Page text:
In Brief: This one opens Christmas Day. A kidnapping biopic that ends up kidnapping too much of your time.
Director Ridley Scott’s film is based on part of John Pearson’s book about billionaire J. Paul Getty’s family and the tragedies that family endured. The focus is the part of the book dealing with the 1973 kidnapping of Getty’s grandson J. Paul Getty III. Getty refused to pay the $17 million ransom saying he has 14 grandchildren and it would place them in danger as well.
Scott’s movie and David Scarpa’s (2008’s The Day the Earth Stood Still) screenplay contends — and so does history — the reason is because Getty was a miser and had no love for anything other than money.
Getty is played by Christopher Plummer. Michelle Williams does his daughter-in-law Abigail and Mark Wahlberg is the Getty security guy assigned to help her get the kid back. They have very little to do for the film’s 2:15 except look worried and rush here and there from time to time to look more worried.
The only interesting work in the film is that of Plummer who’s getting accolades and nominations for his performance. That’s maybe the most impressive aspect of the movie. It all swirls around the Kevin Spacey controversy and his quick replacement by Plummer. It might actually help this drawn out real-life based drama sell more tickets.
Plummer — by the way — looks a whole lot more like billionaire J. Paul Getty than Spacey.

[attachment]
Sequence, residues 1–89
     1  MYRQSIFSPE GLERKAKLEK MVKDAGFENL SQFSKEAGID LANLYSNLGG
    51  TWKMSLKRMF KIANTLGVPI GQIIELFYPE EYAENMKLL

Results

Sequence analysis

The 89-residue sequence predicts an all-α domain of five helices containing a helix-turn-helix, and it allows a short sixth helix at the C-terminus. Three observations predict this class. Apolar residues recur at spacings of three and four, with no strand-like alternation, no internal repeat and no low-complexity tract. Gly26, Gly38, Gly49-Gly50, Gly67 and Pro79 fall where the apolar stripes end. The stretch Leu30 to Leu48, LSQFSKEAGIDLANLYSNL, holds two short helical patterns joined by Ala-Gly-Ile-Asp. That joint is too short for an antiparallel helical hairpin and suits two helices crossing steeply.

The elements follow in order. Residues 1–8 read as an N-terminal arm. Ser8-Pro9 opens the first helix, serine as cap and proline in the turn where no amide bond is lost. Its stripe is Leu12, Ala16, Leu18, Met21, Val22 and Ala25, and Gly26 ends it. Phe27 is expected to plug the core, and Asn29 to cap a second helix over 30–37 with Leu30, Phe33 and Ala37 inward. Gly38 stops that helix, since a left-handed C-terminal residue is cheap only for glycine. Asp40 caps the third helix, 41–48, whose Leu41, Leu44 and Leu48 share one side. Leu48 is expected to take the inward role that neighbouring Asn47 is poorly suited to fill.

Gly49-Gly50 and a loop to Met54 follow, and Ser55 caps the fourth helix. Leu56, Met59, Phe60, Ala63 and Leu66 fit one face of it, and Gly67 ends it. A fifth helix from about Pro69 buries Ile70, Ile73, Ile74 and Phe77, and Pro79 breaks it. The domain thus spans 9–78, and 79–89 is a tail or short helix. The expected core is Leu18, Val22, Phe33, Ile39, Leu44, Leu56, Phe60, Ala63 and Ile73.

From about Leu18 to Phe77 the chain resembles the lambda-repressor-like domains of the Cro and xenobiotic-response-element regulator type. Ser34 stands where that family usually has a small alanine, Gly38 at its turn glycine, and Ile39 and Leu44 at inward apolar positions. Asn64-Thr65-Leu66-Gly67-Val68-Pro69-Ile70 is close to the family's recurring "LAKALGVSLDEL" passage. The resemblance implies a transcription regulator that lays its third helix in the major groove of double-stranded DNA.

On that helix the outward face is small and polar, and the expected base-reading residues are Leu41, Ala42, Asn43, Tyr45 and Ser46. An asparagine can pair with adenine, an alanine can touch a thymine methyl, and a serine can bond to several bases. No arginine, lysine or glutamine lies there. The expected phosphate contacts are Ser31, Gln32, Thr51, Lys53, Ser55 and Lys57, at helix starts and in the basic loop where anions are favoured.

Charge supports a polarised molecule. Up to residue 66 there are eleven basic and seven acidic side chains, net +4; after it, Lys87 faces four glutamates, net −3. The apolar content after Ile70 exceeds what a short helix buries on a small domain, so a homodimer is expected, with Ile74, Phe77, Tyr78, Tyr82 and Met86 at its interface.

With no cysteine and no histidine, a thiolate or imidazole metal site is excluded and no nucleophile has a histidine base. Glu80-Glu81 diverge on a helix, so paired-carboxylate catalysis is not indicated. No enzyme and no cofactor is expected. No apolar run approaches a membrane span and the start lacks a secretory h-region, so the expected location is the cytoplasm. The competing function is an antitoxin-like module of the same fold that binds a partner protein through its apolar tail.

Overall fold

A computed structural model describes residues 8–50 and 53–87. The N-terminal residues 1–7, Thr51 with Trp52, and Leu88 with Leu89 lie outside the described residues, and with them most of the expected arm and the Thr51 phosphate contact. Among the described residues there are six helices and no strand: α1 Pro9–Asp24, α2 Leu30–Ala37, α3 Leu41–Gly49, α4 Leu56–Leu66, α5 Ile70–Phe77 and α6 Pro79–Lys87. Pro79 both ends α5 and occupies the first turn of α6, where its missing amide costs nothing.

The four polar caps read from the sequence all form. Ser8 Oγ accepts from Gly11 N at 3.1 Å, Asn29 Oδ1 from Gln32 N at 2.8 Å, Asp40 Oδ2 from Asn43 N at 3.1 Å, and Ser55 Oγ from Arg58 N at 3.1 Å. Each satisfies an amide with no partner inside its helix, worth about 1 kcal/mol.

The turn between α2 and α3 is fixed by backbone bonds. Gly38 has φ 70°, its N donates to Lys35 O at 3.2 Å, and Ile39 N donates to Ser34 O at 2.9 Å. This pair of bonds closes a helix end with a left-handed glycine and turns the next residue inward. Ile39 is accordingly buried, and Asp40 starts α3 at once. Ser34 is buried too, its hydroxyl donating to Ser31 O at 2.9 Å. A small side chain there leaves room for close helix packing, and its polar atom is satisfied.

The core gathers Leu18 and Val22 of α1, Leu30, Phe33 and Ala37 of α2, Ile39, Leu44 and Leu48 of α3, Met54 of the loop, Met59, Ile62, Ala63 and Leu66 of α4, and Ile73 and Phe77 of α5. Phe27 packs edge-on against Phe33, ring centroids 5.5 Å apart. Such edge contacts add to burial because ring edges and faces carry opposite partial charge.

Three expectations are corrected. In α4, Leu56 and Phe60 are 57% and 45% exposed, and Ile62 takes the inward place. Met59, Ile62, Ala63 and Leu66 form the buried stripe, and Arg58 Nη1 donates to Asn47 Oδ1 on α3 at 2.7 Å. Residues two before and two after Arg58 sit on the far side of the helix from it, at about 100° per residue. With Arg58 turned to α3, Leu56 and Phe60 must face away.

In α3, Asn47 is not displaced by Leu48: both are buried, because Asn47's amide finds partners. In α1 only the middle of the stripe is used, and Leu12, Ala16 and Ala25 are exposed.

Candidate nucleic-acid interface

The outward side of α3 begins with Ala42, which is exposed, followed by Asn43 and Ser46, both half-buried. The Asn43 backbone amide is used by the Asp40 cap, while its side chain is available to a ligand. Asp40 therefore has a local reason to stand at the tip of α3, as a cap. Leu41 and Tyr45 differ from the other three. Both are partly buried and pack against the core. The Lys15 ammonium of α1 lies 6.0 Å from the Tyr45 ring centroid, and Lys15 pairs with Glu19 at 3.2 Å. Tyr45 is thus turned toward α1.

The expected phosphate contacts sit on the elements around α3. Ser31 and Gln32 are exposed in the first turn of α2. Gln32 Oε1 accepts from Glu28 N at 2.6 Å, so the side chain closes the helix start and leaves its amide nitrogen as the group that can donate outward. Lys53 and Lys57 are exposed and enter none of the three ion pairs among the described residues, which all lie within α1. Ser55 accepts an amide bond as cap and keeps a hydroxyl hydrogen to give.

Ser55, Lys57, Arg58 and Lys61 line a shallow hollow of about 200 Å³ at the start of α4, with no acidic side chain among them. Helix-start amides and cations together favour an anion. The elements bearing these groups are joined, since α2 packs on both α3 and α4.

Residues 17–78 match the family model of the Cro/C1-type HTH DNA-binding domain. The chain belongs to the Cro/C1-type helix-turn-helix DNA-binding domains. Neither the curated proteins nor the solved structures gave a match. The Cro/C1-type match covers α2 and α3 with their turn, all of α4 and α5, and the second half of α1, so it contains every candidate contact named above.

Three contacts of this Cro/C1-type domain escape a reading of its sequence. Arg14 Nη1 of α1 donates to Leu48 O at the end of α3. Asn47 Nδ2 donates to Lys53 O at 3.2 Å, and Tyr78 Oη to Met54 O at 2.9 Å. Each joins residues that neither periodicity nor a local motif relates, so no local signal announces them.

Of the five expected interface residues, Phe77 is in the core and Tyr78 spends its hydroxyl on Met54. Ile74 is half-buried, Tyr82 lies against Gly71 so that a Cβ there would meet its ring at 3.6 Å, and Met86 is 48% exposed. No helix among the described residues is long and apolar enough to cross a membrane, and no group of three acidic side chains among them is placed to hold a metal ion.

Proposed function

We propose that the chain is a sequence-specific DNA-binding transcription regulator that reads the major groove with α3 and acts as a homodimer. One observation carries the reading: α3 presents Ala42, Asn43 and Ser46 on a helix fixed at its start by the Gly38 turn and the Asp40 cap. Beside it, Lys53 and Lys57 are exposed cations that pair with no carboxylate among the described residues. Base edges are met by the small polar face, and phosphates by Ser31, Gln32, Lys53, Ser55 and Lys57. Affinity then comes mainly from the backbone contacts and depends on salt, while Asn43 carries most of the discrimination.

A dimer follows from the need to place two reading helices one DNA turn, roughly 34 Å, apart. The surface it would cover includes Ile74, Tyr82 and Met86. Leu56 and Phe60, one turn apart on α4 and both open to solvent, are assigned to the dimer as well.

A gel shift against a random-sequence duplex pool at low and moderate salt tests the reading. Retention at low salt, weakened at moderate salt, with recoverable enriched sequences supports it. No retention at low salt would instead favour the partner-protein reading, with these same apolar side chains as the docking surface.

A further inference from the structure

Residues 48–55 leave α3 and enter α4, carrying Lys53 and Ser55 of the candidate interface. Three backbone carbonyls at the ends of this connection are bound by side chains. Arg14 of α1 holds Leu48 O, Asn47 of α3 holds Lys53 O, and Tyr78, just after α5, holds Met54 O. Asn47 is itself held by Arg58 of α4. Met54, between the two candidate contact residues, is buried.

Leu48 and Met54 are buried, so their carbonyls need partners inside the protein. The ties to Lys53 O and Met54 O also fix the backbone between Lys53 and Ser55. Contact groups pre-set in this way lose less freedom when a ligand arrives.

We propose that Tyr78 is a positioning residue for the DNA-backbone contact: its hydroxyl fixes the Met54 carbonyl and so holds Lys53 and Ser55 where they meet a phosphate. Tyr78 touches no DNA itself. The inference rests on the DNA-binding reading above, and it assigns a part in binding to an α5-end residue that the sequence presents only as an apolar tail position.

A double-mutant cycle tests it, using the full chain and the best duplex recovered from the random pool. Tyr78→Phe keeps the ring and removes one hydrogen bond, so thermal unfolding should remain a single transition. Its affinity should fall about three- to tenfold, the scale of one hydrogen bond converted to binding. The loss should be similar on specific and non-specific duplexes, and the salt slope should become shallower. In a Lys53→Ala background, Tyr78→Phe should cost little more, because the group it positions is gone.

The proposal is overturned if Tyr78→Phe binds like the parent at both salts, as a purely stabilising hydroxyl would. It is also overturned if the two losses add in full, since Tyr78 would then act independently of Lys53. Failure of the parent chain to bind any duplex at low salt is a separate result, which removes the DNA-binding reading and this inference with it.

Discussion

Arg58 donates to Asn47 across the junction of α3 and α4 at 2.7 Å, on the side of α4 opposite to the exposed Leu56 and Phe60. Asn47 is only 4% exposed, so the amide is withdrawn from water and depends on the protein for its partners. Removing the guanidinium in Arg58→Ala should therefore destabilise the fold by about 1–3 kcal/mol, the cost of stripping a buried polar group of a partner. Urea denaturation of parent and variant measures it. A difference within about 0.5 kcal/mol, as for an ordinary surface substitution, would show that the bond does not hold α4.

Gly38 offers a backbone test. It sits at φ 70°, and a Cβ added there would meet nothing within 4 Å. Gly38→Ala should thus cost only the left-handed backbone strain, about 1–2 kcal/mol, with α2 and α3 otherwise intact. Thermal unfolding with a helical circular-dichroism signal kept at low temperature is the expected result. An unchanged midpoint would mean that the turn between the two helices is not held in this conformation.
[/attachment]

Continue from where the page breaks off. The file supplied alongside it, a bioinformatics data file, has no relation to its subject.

Knowing Plummer replaced Spacey will have many of you trying to find long shots and scenes with Getty’s back to the camera that are actually Spacey and not Plummer. That’s much a much more interesting exercise than trying to wade through a film that has zero tension and is half-an-hour too long.
Director: Ridley Scott
Stars: Michelle Willams, Christopher Plummer, Mark Wahlberg, Charlie Plummer, Timothy Hutton, Romain Duris
Rated R for mature themes, violence and language. Biopics sometimes work. Sometimes they don’t. This one didn’t need to be over two-hours long to be effective. The length does it in. Give it a 2 1/2 on the Average Joe Movie 0 to 5 scale.
5 to 4 1/2: Must see on the big screen.
4 to 3 1/2: Good film, see it if it’s your type of movie.
3 to 2 1/2: Wait until it comes out on DVD.
2 to 1: Don’t bother.
0:Speaks for itself.
Gary Wolcott has been a movie consultant for KXL since 2014. A lifelong fan of film, he’s been a film critic in radio, television and newspaper for 25-years. Wolcott catches a couple of hundred movies a year and he sees a great many of them so you don’t have to.
Got a movie suggestion or comment? Click here to email him.